C-SPANistan Capitol Hill, Lincoln Park, Stanton Park, Rosedale

Darrow Montgomery

The saloons of C-SPANistan have got to be the only saloons in this great nation that tune their TVs to their nabe’s titular channel during the workday. Visit a bar on Pennsylvania Avenue SE while Congress is in session and behold the drunken staffers and lobbyists playing hooky from work, peering up through beer goggles at televised action on the House floor.

All kinds of people live in C-SPANistan, not just pols and their hangers-on. Demographics are well-mixed, but, as a rule, whiteness and wealth increase with proximity to the Capitol. Near the dome, fabulous townhouses and stately trees line attractive brick sidewalks trod by friendly neighbors with dogs and strollers. Community newspapers are loaded with ads for tuck-pointing, and you can see why—there is some damn fine masonry on display. Houses typically assess for more than a million dollars.

Thank the efforts of preservation-minded neighbors for C-SPANistan’s historic beauty. The guardians of the massive Capitol Hill Historic District are not afraid to dash a young couple’s dreams of an addition, say, if it bears the slightest whiff of historic zoning-code noncompliance. In March 2003, after a neighbor complained to city preservation agents of an illegally sloped roof on a family’s home on 9th Street NE, a crack team of D.C. police officers and regulatory officials raided the abode and seized documents pertaining to the construction. Government agents rifled through belongings, entering bedrooms and terrifying the couple’s children. (In 2007, a federal judge deemed the raid a violation of the family’s constitutional rights.)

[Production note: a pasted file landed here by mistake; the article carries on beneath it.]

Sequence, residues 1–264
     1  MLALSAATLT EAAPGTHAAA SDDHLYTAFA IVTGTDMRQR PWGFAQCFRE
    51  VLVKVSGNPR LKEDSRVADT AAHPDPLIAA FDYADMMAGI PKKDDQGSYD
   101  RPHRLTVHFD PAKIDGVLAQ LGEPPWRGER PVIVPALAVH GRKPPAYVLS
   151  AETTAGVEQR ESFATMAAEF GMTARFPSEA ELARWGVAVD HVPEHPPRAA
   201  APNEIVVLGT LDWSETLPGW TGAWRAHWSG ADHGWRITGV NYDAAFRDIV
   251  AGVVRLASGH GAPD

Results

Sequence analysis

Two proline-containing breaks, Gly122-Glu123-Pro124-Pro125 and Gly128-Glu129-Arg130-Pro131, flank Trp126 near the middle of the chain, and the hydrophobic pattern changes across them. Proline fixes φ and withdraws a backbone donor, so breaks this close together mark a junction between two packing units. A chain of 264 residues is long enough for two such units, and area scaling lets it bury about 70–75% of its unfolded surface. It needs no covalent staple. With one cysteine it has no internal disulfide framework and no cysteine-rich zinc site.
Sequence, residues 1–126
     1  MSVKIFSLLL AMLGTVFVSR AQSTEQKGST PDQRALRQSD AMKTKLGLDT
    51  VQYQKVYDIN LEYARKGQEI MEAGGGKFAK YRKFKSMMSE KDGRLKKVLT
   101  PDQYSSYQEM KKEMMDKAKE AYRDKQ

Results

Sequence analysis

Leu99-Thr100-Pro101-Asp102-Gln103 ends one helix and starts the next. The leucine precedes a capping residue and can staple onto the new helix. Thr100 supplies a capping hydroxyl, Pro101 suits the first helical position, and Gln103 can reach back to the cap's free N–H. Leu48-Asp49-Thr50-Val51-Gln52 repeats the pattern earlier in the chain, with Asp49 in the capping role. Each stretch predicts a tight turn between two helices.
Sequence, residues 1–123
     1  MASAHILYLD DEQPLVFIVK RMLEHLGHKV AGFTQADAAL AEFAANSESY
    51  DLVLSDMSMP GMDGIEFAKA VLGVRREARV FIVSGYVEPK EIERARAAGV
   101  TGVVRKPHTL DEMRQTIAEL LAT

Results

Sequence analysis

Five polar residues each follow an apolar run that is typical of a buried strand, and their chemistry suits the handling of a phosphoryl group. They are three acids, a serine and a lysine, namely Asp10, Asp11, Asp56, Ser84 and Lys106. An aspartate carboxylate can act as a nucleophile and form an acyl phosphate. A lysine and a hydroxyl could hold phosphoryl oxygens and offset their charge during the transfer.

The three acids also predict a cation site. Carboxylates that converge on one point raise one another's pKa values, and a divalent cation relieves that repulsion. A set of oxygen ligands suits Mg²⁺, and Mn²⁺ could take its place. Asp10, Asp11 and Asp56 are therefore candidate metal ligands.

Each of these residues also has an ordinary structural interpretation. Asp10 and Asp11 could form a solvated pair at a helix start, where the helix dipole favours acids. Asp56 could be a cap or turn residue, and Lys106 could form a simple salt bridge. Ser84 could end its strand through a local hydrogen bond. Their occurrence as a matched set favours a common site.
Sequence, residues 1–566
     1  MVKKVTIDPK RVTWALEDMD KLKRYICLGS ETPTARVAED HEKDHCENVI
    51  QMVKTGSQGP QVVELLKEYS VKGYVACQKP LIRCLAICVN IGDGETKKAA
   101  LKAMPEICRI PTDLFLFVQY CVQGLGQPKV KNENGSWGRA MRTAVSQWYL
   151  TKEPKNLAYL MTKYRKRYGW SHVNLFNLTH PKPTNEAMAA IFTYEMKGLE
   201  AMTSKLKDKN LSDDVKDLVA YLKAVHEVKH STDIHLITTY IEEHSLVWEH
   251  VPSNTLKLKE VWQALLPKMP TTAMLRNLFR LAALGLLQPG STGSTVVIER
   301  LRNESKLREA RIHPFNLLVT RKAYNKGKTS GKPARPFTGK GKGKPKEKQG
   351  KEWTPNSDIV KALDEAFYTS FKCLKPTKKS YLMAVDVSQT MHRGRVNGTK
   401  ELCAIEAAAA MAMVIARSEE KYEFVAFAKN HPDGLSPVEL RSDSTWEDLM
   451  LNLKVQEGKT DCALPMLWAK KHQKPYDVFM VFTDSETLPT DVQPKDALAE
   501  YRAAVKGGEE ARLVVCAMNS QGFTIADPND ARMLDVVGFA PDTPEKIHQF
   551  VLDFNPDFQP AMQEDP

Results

Over the last several years, the gentrified core of C-SPANistan has rapidly expanded to the north, south, and east toward the Anacostia River. Superb commercial strips have sprung up along H Street NE and 8th Street SE, corridors respectively rechristened “The Atlas District” and “Barracks Row.” C-SPANistan’s yuppie surge is fueling these new economies, boosting the local schools, and improving the parks and libraries, but it’s also raising rents and making for some fantastic gentrification battles.

On the southeast side, a Harris Teeter opened in May only a stone’s throw from the Potomac Gardens public housing complex, just as tensions over a spate of kids-on-adults assaults were pushing some neighbors to the boiling point on a community Listserv. Blaming the Gardens for generating all the rotten youth roaming the streets, a handful of neighbors actually proposed an anti-crime march on the projects. Calmer heads prevailed—the area’s D.C. Council rep, Ward 6’s Tommy Wells, organized a series community potlucks at the complex.

Not long ago, H Street NE was a blighted, riot-ruined wasteland. Now it’s a hip destination for partying. Improvement isn’t happening just by accident—in some ways it’s happening by force. As new neighbors populate the hood, the local government has pushed regulations to impede new fast-food restaurants, to institute a ban on selling single cans of beer and small liquor bottles, and to tighten noise regulations to hush sidewalk preachers, all in the nebulous name of “quality of life.” (If the area’s revitalization were guided by a Declaration of Gentrification document, you’d find pursuit of QOL in the preamble.)

In 2007, the American Planning Association named Eastern Market one of the nation’s 10 best neighborhoods. The preponderance of “civic activism”—or hardcore NIMBYism, if you like—endeared the area to planning wonks. C-SPANistanis in recent years, with tenacity bordering on ferocity, have coalesced to defeat high-rise development, a boarding home for troubled youth (the would-be site of which is now the Harris Teeter), and most recently, to try to stop a preschool from opening near Lincoln Park. In the late ’90s, community efforts to control the fate of the Eastern Market building were rewarded with a neighborhood advisory committee to which the city is statutorily required to listen.